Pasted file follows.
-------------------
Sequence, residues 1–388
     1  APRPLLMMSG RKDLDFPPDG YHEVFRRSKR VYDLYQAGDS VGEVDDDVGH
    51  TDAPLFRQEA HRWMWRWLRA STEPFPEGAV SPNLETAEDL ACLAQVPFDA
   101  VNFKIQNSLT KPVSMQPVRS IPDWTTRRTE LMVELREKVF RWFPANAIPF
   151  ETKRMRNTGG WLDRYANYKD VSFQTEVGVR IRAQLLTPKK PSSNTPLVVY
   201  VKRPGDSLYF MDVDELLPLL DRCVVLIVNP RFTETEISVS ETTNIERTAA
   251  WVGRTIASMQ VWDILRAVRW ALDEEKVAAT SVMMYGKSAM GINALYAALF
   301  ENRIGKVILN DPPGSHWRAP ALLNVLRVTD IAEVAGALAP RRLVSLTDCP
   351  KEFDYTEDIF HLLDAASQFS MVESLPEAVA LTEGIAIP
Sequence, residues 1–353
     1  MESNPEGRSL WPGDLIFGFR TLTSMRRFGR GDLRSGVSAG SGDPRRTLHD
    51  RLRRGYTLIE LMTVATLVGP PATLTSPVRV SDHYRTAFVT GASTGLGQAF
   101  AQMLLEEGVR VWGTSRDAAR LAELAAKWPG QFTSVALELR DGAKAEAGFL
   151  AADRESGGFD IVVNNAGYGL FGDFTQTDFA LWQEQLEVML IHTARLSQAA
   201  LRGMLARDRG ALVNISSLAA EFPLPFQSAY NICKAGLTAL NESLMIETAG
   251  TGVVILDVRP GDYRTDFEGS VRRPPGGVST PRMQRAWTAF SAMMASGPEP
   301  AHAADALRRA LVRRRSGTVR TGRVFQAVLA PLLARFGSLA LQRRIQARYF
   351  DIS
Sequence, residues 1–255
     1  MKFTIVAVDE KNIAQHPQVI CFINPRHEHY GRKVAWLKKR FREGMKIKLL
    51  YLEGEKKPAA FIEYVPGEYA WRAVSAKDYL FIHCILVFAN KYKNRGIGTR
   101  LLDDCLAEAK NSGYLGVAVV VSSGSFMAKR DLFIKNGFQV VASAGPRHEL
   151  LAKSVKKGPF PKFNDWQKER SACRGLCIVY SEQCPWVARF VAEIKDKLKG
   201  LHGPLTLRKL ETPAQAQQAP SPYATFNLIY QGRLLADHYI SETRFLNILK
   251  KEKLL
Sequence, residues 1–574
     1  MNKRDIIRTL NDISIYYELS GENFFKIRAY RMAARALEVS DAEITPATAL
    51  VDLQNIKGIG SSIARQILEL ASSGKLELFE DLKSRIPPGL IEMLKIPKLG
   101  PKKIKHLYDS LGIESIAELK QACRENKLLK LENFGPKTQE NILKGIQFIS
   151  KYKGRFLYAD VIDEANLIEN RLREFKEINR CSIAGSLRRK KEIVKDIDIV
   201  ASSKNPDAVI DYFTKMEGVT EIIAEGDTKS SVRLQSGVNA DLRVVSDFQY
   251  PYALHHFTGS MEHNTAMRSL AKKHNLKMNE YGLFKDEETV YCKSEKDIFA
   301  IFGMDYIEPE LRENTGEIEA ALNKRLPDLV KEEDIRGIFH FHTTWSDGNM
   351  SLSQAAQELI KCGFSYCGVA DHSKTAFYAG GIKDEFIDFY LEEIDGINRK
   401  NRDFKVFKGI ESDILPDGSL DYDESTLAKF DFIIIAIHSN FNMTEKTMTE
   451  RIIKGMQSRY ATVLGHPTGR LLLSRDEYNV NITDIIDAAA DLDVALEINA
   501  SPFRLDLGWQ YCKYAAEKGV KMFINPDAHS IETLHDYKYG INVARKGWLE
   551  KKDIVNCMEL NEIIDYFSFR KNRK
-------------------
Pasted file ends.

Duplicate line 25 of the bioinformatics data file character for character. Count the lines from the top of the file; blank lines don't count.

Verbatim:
   251  KEKLL